In many ways, Kristen Elliott is a normal, seventeen-year-old girl. Kristen loves her family. She works hard academically, and tries to please her mother. She takes on the additional responsibility of caring for her twin siblings, Nick and Alison. She idealizes her best friend, Lexus, who not only seems to lead the perfect life, but also catches the attention of John, the boy Kristen secretly loves. However, as is the case with many teenagers, Kristen feels frustrated, isolated, and confused.
In other ways, Kristen is not like other kids her age. She knows something is wrong with her. Kristen feels like an utter failure. She is unable to please her abrasive mother, and scared to confront Jack, her abusive stepfather. She is also unable to protect Nick from Jack, making her fell all the more helpless. Adding to her problems, she knows she will never be as beautiful as her best friend Lexus. Kristen finds solace in self-injury, and the company of Mr. Sharp, her imaginary friend who encourages her feelings of self-loathing.
After a failed suicide attempt, Kristen is placed in the Bent Creek mental hospital, where she is diagnosed with Borderline Personality Disorder. While in the hospital, she meets a group of peers suffering with their own mental illnesses, and a compassionate staff of doctors and counselors. From there, Kristen begins her journey to survival. She discovers the circumstances that brought her to this breaking point, struggles to understand her mental illness, and fights to be a survivor against her own worst enemy: her self-blame.
Kristen’s tale of endurance illustrates the complex illness of Borderline Personality Disorder. Readers – including those suffering from BPD and their friends and family – can glean insight into the illness from Kristen’s humanity. Her story is an example of how, if we try to push the past away, we are either doomed to repeat it or let it haunt us to our graves.
On the fourth of July, fourteen year old Dellia jammed two fingers down her throat, and threw up the slice of patriotic cake she had eaten. In the red and blue swivels of toilet water Dellia saw the cure to her curves. When Dellia turned fifteen, she found relief in the stream of blood that streamed down her skin after she slit her wrist for the first time. Now at sixteen, Dellia refuses to eat, and she will punch anyone in the face if they pry into her business. Unattractive, ravenous, and rude, Dellia has managed to turn herself into any story’s antagonist. Despite all this, Dellia Sanchez finds herself in the starring role of her own romantic comedy when she develops her first real crush. In one unfortunate moment of weakness, Dellia’s teenage tragedy morphs into the cheesy fantasy she had always feared.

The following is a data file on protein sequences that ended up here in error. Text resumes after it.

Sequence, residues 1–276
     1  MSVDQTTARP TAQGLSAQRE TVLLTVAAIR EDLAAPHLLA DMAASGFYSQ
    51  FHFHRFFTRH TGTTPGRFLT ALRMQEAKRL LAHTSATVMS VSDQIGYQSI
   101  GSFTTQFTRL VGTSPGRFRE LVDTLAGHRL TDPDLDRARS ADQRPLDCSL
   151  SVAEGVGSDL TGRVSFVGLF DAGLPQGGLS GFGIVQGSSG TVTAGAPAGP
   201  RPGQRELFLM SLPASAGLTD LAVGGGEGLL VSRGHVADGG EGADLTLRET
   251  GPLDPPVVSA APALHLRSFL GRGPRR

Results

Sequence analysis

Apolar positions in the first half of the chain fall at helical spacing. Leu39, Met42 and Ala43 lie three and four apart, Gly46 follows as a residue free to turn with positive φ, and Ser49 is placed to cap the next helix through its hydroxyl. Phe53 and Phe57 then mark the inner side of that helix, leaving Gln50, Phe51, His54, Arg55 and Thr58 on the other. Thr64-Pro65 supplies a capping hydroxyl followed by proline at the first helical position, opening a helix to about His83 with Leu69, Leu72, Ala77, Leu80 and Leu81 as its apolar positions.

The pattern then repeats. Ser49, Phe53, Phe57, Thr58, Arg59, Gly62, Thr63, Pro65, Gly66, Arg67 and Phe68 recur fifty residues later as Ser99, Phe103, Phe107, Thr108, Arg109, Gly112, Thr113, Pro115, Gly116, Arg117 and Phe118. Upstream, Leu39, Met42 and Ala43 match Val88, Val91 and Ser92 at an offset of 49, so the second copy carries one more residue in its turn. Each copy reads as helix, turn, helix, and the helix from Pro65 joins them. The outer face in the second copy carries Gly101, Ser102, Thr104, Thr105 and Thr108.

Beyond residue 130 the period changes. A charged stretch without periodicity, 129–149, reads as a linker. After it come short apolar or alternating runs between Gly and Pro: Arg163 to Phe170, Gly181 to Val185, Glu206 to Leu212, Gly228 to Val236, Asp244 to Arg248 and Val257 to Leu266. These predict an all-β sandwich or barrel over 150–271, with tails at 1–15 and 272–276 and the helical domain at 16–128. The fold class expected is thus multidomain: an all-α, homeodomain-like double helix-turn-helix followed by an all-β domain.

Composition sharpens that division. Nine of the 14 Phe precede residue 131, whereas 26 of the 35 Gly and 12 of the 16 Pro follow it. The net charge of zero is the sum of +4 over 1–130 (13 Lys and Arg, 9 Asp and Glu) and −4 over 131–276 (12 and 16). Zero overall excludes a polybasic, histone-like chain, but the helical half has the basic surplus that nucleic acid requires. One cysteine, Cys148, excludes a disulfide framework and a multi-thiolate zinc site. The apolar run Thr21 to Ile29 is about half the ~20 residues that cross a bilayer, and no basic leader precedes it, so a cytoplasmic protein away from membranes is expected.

After she’s caught in the school bathroom cutting herself with the blade from a pencil sharpener, fifteen-year-old Kenna is put under mandatory psychiatric watch. She has seventy-two hours to face her addiction, deal with rejection, and find a shred of hope.
An infant left in the trash to die. A teenage mother who never knew she was pregnant . . .
Before That Morning, these were the words most often used to describe straight-A student and star soccer player Devon Davenport: responsible, hardworking, mature. But all that changes when the police find Devon home sick from school as they investigate the case of an abandoned baby. Soon the connection is made. Devon has just given birth; the baby in the trash is hers. After That Morning, there's only one way to define Devon: attempted murderer.
And yet gifted author Amy Efaw does the impossible. She turns Devon into an empathetic character, a girl who was in such deep denial that she refused to believe she was pregnant. Through airtight writing and fast-paced, gripping storytelling, Ms. Efaw takes the reader on Devon's unforgettable journey toward clarity, acceptance, and redemption.
Karma, one of the girls in the juvenile detention center, cuts herself.
Thanks to her offbeat mother, Shade’s full name is Galactic Shade Griffin. Having a name like that while being the new girl in school is pretty much catnip for bullies. The summer before Shade’s junior year of high school, her mother breaks up with yet another boyfriend and moves them once again to a new town.